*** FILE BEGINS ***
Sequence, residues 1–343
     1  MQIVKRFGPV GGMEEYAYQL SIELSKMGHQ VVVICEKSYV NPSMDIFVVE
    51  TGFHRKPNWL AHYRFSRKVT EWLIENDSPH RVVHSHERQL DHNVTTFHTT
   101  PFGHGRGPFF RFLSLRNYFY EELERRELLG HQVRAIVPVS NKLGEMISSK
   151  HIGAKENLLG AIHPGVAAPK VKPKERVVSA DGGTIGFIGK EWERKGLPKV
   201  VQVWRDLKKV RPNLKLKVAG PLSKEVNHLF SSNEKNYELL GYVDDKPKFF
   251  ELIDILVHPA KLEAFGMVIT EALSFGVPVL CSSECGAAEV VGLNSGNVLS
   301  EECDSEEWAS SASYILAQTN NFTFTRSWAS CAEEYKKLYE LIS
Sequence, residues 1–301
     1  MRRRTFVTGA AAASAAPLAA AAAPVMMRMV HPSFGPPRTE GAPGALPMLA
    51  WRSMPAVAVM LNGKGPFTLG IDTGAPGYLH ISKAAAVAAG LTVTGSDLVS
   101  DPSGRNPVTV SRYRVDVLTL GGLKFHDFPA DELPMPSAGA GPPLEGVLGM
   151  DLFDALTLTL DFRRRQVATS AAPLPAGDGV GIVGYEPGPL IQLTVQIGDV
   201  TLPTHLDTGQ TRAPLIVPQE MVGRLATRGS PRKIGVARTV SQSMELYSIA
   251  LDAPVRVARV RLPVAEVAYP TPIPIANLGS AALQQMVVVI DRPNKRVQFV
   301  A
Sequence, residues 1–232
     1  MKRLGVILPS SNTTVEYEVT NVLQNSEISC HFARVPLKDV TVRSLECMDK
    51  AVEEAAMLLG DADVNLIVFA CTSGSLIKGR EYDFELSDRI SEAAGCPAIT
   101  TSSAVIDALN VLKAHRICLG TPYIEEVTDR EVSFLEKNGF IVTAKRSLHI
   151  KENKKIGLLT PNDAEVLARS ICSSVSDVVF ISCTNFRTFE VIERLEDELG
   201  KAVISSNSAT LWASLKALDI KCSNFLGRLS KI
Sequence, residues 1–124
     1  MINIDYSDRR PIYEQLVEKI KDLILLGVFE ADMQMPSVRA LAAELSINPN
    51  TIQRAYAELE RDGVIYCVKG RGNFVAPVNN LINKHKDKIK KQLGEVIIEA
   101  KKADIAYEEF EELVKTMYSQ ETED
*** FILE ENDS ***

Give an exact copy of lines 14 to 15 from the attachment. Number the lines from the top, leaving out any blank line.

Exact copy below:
   201  TLPTHLDTGQ TRAPLIVPQE MVGRLATRGS PRKIGVARTV SQSMELYSIA
   251  LDAPVRVARV RLPVAEVAYP TPIPIANLGS AALQQMVVVI DRPNKRVQFV